(The Hill) — Amazon CEO Andy Jassy on Wednesday signaled that the company would not take down an antisemitic film and book from its store that gained attention after Brooklyn Nets player Kyrie Irving promoted it.
Irving was suspended from the Nets after tweeting a link to the 2018 film titled “Hebrews to Negroes: Wake Up Black America,” which was based on a 2015 book of the same name and contains a number of antisemitic tropes. The film and book remain available on Amazon as pressure grows for their removal.
“We have hundreds of millions of customers with lots of different viewpoints,” Jassy told Andrew Ross Sorkin during an interview at The New York Times’s DealBook Summit.
“And inside the company, we won’t tolerate hate or discrimination or harassment, but we also recognize as a retailer of content to hundreds of millions of customers with lots of different viewpoints, we have to be willing to allow access to those viewpoints even if they are objectionable and even if they differ from our own personal viewpoints,” Jassey added.
Jassey, who identified himself as Jewish during the interview, took over as CEO last year after Amazon founder Jeff Bezos stepped down from the role.
During Wednesday’s interview, Jassy said he found parts of the film “very objectionable” but argued removing the content would create a slippery slope, describing content removal decisions as one of Amazon’s trickiest issues.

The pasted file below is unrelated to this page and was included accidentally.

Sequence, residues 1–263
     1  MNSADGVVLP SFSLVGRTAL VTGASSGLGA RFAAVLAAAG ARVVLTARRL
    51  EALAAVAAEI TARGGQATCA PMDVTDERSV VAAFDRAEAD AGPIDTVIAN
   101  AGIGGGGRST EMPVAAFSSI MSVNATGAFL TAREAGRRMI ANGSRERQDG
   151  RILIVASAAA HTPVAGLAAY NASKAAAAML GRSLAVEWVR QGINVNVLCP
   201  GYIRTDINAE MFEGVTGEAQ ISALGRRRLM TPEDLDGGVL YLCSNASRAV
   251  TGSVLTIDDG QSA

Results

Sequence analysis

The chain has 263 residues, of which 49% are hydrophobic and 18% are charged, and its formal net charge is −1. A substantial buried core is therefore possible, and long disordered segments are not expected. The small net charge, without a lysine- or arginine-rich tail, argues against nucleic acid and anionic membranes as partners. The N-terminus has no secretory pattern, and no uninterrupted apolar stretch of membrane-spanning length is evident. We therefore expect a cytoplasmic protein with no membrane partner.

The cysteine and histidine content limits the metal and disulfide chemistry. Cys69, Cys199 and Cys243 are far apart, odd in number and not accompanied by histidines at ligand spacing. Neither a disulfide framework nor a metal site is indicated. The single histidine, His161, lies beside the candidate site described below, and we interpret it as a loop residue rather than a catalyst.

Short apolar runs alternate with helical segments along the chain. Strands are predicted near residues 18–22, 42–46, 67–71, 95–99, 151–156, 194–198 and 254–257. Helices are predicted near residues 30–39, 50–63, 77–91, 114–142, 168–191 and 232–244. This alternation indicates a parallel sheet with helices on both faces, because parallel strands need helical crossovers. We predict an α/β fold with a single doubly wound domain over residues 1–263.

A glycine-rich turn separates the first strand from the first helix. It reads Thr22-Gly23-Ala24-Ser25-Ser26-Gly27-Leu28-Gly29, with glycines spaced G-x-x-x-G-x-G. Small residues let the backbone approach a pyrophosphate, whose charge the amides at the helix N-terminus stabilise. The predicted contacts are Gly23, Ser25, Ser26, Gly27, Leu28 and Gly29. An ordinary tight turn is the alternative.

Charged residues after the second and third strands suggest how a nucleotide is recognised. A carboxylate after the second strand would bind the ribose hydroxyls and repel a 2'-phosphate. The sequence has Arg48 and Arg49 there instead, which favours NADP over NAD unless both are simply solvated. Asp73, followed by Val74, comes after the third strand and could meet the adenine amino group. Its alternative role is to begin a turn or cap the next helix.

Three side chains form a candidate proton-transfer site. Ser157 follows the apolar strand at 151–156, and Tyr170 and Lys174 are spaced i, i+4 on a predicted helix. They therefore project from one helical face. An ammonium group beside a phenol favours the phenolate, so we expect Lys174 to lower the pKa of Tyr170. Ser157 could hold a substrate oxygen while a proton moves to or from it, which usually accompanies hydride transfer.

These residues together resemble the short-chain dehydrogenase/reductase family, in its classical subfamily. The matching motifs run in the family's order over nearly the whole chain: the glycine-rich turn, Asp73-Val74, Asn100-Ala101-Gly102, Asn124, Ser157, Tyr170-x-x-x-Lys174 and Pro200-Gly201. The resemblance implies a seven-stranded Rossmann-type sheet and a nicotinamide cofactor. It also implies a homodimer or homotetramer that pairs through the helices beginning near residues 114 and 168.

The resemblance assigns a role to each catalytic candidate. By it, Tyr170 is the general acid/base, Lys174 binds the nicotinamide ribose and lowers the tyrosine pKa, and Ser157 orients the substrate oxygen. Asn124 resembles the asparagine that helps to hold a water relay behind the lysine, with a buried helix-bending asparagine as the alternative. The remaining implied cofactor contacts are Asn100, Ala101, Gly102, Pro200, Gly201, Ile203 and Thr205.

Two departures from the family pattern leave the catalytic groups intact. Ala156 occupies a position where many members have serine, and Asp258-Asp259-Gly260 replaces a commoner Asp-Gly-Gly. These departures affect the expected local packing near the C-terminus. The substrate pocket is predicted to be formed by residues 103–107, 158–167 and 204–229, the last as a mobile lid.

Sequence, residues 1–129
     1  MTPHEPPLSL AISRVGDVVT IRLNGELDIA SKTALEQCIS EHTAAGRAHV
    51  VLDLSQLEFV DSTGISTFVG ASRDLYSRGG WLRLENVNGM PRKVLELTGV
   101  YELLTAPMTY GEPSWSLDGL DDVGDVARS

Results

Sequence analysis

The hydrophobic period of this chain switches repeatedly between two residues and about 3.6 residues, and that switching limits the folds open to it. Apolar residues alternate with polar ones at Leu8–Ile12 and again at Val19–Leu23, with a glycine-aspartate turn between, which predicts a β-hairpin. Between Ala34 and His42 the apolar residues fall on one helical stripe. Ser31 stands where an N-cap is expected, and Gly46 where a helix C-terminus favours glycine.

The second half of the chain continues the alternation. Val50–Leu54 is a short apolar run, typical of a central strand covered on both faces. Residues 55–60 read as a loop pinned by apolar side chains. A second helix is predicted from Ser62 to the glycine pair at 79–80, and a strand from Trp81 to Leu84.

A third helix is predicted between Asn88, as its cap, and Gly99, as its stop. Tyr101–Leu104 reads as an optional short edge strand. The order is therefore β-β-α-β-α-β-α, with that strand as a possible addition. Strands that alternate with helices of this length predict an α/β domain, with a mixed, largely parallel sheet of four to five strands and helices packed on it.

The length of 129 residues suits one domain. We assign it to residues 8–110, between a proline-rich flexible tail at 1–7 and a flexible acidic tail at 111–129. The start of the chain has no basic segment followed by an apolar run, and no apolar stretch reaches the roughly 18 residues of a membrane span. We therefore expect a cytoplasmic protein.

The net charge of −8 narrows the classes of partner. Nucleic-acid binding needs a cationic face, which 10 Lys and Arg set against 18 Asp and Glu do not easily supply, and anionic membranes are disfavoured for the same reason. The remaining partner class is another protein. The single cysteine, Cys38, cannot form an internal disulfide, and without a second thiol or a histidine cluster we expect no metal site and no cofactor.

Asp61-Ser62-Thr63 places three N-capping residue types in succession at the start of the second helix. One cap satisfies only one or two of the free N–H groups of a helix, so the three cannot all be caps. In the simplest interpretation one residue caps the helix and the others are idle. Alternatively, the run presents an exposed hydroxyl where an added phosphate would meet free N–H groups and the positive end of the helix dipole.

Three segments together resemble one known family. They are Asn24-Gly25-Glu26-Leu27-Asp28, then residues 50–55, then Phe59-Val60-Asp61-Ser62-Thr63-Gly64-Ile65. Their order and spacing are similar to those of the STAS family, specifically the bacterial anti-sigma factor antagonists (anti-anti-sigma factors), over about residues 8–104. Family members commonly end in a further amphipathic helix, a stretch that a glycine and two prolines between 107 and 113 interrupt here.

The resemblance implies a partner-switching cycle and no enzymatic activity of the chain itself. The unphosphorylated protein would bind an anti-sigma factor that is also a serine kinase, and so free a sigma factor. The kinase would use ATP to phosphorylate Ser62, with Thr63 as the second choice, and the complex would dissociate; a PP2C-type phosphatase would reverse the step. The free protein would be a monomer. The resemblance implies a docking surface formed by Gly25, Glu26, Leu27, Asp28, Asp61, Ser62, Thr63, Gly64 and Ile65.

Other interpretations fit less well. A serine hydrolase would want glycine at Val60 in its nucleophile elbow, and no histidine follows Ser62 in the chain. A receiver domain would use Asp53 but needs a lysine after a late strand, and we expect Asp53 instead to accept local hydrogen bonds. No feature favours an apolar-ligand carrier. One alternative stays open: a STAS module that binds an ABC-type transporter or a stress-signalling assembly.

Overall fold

“In some cases, it’s more straightforward when you have content that actively incites or promotes violence or teaches people how to do things like pedophilia, those are easy,” Jassy said. “We don’t allow those and those are straightforward decisions. When you have content whose primary purpose is not to espouse hate or ascribe negative characteristics to people, that is much trickier and a very slippery slope.”
Irving, who previously garnered controversy for declining to receive the COVID-19 vaccine, causing him to miss games, made his on-court return late last month after apologizing for promoting the film, which led to a suspension on Nov. 3
The seven-time All-Star had come under criticism from the Nets’s owner, the NBA commissioner and Jewish advocacy groups for the now-deleted tweet.
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Nike also suspended their relationship with Irving, canceling the release of his ninth signature shoe with the company.